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Veterans, Military and Their Families

 

Veteran and Military Caregivers Face New Challenges During the Pandemic

AARP and partners offer solutions and services to those in need

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En español | As a live-in caregiver for my father, who was a veteran of WWII and the Korean War and developed Alzheimer's later in life, there were many challenges around providing hands-on care, managing his health care and obtaining home-based services. Fortunately, we found support from the U.S. Department of Veterans Affairs (VA). Dad passed on two years ago, and I frequently reflect on how much more difficult it all would have been with the new obstacles created by the coronavirus. Veteran and military caregivers are fighting on the front lines of this pandemic in unprecedented ways. But AARP is here to offer guidance and assistance.

Challenge: Making connections

As military and veteran caregivers focus on care for their loved ones, they struggle with isolation, which can be detrimental to both their physical and mental health. Getting together with friends or attending caregiver support groups can be very helpful, but in-person connections are largely no longer possible due to the pandemic.

Support:

  • AARP Family Caregivers Discussion Group: A place to connect, share practical tips, offer support and discuss family caregiving experiences with other caregivers.
  • AARP Friendly Voice: Created to combat isolation, caregivers can sign up for friendly calls from trained volunteers for themselves and/or their loved ones.

Veterans and active military save up to 30% on AARP Membership. Get instant access to discounts, programs, services, and the information you need to benefit every area of your life.


Challenge: Help for in-home and distance caregivers

Many caregivers have cut back or completely canceled in-home help due to concerns about the health and safety of their loved ones. Adult day services and community centers are closed or operating on a scaled-back basis, limiting days and number of participants. Transportation services may not be available, or caregivers may curtail their use if they are not confident of safety precautions in vehicles. The more caregivers go it alone, the faster they can become overwhelmed and burned out. Caregivers whose loved ones live in facilities are also struggling with limited or no in-person visits and diminished ability to advocate for them.

Support:

  • AARP Community Connections: Created in response to the pandemic, Community Connections provides a listing of local mutual aid groups — neighbors helping neighbors.
  • Military Guide: AARP and the Elizabeth Dole Foundation created Supporting Military, Veteran and Family Caregivers During the Pandemic — a fact sheet with practical tips about how to update your caregiving plan, deal with medications, handle medical and tele-health visits, create regular social connections, and maintain personal safety and self-care. This fact sheet builds on another co-created tool: the Military Caregiving Guide for Veterans, Service Members and Their Families.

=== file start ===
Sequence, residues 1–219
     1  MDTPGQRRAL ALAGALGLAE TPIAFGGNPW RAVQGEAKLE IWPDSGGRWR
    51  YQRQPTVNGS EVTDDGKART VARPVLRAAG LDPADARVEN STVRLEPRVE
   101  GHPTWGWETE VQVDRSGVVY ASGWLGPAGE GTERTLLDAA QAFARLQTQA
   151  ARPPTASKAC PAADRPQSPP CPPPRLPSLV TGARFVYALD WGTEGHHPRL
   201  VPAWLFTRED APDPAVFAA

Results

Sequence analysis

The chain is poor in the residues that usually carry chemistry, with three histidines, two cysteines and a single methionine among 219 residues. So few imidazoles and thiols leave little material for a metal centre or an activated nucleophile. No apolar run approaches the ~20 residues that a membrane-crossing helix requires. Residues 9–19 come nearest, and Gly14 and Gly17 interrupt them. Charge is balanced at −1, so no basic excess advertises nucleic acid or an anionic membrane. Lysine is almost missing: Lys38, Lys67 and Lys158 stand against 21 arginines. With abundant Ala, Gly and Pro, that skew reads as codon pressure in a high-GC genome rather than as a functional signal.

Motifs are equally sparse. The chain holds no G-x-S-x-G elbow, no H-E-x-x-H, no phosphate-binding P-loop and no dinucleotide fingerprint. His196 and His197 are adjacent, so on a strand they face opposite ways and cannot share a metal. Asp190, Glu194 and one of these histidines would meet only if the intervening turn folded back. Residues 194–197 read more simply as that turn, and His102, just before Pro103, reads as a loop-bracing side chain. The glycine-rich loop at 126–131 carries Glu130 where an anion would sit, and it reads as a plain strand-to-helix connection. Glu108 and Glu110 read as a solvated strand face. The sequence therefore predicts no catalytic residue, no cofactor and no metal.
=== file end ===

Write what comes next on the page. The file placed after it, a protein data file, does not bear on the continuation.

• Protect Nursing Home Residents: For those caring for veterans living in facilities, AARP provides up-to-date information on all the issues facing nursing homes today.

Challenge: Work-life balance

Not only are military and veteran caregivers doing more hands-on caregiving, many are also working paid jobs at home due to the pandemic. For some, their time is stretched even thinner as they try to keep their children on-task with e-learning. Caring intensely for multiple people while working exacerbates stress levels quickly.

Support:

Challenge: Self-care

Concerns about the uncertainty of the pandemic and keeping loved ones and themselves safe and healthy are common for everyone these days. But for caregivers, the pressure to protect loved ones is particularly intense, as our veterans and wounded military service members are more susceptible to becoming seriously ill from COVID-19.

As caregivers struggle to meet the needs of service members — and all family members — while dealing with fewer caregiver supports, self-care moves even further down the list. The sum of all of these issues can lead to emotional and physical exhaustion, disturbed sleep, feelings of negativity, apathy and hopelessness — a path to caregiver burnout.

Support:

  • Mental Health Center: AARP's mental health resource page was created to provide advice and guidance to caregivers and others seeking additional help during these tough times.

As the pandemic unfolds, AARP will continue to work hard to deliver free resources and other solutions at aarp.org/veterans. Thank you to all of you who are staying the course as you continue to care for our veterans and military service members. We salute you!

Amy Goyer is AARP's family and caregiving expert and author of Juggling Life, Work and Caregiving . Connect with Amy on amygoyer.comFacebookTwitter, in AARP's Online Community and in the AARP Facebook Family Caregivers Group.

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